Checklist for Finding AAA Qualified Tenants
Finding AAA qualified tenants for your rental condominium can be a process. Rather than cut corners in the interest of time and effort, you’d be wise to put in the elbow grease involved with an extensive screening process. Potential tenants can be crafty, and failing to do your due diligence may leave you with more headache than the screening process itself. On top of this, it may leave you with financial setbacks due to a bad tenant abusing your property or failing to pay rent. But how do you choose a good tenant? How do you know the potential tenant isn’t simply putting on a show to win you over? We’ve all heard the horror stories related to “professional scammers” who meet you in full suit, speak eloquently, present themselves professionally, and turn out to be a tenant from hell. Avoiding these scenarios isn’t always easy, but implementing a proper screening process can greatly limit the likelihood of you ending up with a bad tenant. Here are the steps necessary to avoid being scammed by a prospective tenant:
If you were an employer looking to hire a potential employee, you’d require the candidate to fill out an application form, yes? Well this should be no different. After all, being a landlord is a business venture in itself. Sample application forms can be found online, or you can request a sample rental application from your local real estate association. You can also create one yourself using a Microsoft Office template. These applications should state that a full criminal background check and credit check will be required, and that the tenant is authorizing a check into his or her financial, employment and personal history. In addition, it should cover the tenant’s financial information, employment information, and personal information including SIN.
Run a Credit Check:
Next on the list is a credit check. This is absolutely crucial. If the tenant doesn’t pay their other bills on time or at all, can you really expect them to pay your monthly fees timely and routinely? You can request the credit check from the tenant directly, asking them to cover the cost, or you can do it yourself. The choice is yours. If the tenant refuses the credit check, there is a good chance that they are trying to cover up a bad credit score. With that said, they may simply be worried about an inquiry affecting their credit. Ask questions, and use your best judgment.
Run a Background Check:
There are companies who are able to offer employee background checks for free. You can also find websites who will offer full online tenant screening, background checks and criminal reports. You typically only need the tenant’s social security number, and you’re off to the races.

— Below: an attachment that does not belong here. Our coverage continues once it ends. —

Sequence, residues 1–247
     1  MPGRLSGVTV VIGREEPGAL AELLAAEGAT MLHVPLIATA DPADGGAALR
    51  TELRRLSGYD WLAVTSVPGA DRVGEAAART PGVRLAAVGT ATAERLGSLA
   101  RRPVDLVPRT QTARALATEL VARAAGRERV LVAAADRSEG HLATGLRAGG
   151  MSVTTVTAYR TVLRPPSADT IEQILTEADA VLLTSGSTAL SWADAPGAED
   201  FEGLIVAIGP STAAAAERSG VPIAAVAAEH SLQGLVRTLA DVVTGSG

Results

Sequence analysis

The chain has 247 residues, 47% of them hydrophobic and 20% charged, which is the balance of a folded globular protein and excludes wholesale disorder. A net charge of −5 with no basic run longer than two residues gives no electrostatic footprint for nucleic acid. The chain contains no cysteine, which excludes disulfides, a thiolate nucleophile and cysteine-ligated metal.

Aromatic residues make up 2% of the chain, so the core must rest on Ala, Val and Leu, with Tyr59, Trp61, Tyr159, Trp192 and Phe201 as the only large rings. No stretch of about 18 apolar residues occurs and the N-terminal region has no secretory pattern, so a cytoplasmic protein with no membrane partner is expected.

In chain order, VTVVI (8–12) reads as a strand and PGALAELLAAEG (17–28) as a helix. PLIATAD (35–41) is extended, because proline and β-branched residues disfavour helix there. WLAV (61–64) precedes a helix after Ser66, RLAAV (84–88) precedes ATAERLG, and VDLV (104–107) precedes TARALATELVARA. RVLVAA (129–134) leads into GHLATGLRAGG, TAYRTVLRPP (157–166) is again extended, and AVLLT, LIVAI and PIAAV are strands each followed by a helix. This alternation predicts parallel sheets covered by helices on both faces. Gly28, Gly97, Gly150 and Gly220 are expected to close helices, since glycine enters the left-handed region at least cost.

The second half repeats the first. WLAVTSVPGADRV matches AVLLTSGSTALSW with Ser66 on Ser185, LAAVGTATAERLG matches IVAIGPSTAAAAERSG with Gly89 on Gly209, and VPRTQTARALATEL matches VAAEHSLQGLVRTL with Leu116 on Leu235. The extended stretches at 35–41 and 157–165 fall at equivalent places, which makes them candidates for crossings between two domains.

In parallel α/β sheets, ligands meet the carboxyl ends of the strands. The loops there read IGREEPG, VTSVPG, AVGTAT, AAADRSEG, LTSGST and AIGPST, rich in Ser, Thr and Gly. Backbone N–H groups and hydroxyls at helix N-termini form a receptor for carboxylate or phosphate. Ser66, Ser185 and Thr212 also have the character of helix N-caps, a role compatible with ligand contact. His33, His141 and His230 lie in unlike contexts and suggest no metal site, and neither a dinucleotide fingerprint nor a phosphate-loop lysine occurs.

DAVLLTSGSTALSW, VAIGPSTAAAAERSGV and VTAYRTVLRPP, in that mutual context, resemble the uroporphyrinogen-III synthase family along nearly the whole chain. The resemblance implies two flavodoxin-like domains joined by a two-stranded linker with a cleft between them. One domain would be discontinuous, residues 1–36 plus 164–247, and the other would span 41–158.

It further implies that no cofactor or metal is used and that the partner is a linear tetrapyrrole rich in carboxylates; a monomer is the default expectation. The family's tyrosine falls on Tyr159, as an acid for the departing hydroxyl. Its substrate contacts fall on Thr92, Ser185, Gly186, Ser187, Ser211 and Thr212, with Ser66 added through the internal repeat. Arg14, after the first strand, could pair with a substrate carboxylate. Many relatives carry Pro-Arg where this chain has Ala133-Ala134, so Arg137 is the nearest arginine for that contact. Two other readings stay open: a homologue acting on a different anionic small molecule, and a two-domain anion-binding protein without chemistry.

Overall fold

Contact the Tenants Employer:
Ok, so the application form is complete, the credit check and background checks look good. Now, it’s time to actually contact the tenant’s employer yourself. Speaking with the employer will give you peace of mind knowing that the tenant has steady work and a consistent flow of income. What’s more is that the employer can give you insights into the tenant’s personality.
Contact the Tenants Previous Landlord:
This is arguably more important than contacting the employer, as the past landlord has insights directly related to how the tenant treats the tenant/landlord relationship; they can tell you if the tenant paid rent on time, and if they were generally respectful and agreeable.
Interview the Tenant:
Everything has checked out so far? Good. Now comes the really important part. Interview the tenant. The interview process will allow you to ask specific questions that the previous steps may not have been able to address, and it will give you direct and personal insight into whether or not the tenant will be a good fit. Here are some good questions to ask:
- Are you aware that we will require first and last months’ rent? Will this be an issue?
- Why are you moving?
- When are you looking to move?
- How long do you intend to rent the property for?
- Are you a smoker?
- Do you have any pets?
- Have you ever been evicted?
- How many people will be living in the apartment?
- Do you have any questions for me?
Remember, the above questions are a guideline. You should ask questions that are important to you, and omit questions that aren’t. You are OK with pets? Good, because a “no-pets” clause is unenforceable in any case. You can omit that question. What if pets are an issue? Well, you can’t evict a tenant for owning a pet, but you can refuse to rent to someone who admits to having one. So ask away!
Following this process will greatly limit the likelihood of a problem tenant. This may seem like a lot of work, but luckily you have The Bahl Team to help. Working with a property management company will ensure that a professional is handling your investment with the utmost care and attention to detail.